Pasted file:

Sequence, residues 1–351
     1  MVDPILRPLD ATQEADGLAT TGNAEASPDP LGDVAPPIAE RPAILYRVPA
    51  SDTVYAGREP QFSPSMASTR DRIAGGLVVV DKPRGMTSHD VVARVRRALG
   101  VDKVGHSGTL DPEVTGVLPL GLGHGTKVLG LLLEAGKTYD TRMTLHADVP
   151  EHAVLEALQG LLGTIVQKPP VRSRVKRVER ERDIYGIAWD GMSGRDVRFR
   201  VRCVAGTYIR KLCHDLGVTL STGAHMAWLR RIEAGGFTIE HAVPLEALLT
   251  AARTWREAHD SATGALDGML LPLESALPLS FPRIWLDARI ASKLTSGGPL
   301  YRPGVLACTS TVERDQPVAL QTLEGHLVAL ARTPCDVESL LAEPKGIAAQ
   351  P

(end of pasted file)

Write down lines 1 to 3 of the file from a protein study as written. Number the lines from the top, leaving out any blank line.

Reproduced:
Sequence, residues 1–351
     1  MVDPILRPLD ATQEADGLAT TGNAEASPDP LGDVAPPIAE RPAILYRVPA
    51  SDTVYAGREP QFSPSMASTR DRIAGGLVVV DKPRGMTSHD VVARVRRALG